Missing the mark

Shooting sports are having a tough time and ignorance is no excuse, argues Mat Manning.

The cancellation of the British Shooting Show in Liverpool shows the challenges that the firearms industry face

I really can’t recall a time when shooting faced so much opposition as it has over the past year. Most of the hostility towards our sport is based on prejudice and misinformation – the vast majority of it unfounded and much of it spread on social media by people who have little understanding of what they are talking about. 

There is no denying that most of the arguments against legitimate shooting pursuits are grossly wide of the mark, but I can’t help but feel that we could all be doing a lot more to defend our cause. I reckon the biggest problem is a serious lack of understanding and awareness on both sides of the fence.

The British Shooting Show has been treated despicably over recent months. This event does so much to promote shooting and conservation, yet its established show at the NEC came under fire earlier this year because of connections with businesses associated with trophy hunting.

More recently, the Mayor of Liverpool, Joe Anderson, who has publicly described all forms of live quarry shooting as “barbaric”, derailed show organisers’ plans to host an additional event at Liverpool Exhibition Centre next year. 

The city council, which is clearly way out of touch with country life, shooting and conservation, went on to pass a motion expressing its “complete opposition to any form of hunting live animals with hounds or shooting live game”.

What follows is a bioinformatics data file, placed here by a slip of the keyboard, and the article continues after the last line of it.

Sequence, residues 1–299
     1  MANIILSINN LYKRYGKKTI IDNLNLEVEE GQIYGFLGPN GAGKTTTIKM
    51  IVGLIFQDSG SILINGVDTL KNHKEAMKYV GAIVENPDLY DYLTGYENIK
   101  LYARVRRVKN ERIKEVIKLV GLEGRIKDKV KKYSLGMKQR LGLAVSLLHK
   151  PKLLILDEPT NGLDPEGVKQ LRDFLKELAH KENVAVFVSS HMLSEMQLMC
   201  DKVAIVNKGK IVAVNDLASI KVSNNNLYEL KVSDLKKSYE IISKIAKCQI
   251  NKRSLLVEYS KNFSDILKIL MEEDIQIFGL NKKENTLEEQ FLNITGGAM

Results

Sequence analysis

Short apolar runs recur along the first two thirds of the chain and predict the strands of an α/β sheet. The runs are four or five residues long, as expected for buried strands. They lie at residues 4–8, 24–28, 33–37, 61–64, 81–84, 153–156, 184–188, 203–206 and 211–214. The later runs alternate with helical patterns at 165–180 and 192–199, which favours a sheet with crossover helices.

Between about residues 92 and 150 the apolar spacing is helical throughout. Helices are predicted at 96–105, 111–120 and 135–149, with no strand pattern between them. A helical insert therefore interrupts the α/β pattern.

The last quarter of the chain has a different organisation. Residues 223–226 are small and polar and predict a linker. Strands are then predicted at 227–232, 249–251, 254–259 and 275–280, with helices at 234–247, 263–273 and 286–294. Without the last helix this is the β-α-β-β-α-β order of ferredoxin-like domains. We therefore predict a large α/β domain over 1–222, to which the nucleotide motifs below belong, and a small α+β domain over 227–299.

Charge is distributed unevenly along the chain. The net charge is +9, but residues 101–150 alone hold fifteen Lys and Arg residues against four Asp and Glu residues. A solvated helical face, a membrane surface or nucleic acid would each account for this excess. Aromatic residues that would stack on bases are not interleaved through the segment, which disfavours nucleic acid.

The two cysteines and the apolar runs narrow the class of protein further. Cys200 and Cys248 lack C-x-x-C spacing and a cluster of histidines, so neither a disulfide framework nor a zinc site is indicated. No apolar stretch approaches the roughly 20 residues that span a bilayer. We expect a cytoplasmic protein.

The shockingly prejudiced motion was passed in spite of an informed presentation by the BASC’s Garry Doolan, in which he outlined the huge and undeniable economic, conservation, health and social benefits of shooting sports.

The ignorance of the stance taken by Liverpool City Council, which also made reference to the “deplorable practice of overseas trophy hunting”, really does beggar belief.

Many of the species targeted by trophy hunters would be lost to ruthless poachers or farmers trying to protect their meagre livelihoods were it not for the revenue generated by hunting tourism. 

Anyone who chooses to oppose all forms of live quarry shooting is surely taking a stance against what must be just about the highest level of animal welfare in meat production.

Game and pest birds shot for the table are free to roam the countryside, feed on a wild diet, aren’t crammed into trailers to queue up for slaughter and usually travel minimal food miles when dead. It’s the food standard we’re all told we should be aiming for, but you’d struggle to find it at your average supermarket or takeaway.

Surely these are the places where well-meaning animal rights protestors should be investing their time and energy if only they could see beyond their prejudices.

I personally struggle to see how anyone who buys farmed meat and dairy produce can have the ignorance and audacity to describe any form of live quarry shooting as barbaric.

General Outlook 

On the subject of threats to shooting, rooks and collared doves can no longer be shot under general licence in Wales following the introduction of their news GLs on 7 October.

While I would the first to admit that I don’t know the exact details relating to the conservation status of these species in Wales, I do know that both are abundant where I live in Somerset, which is not very far away.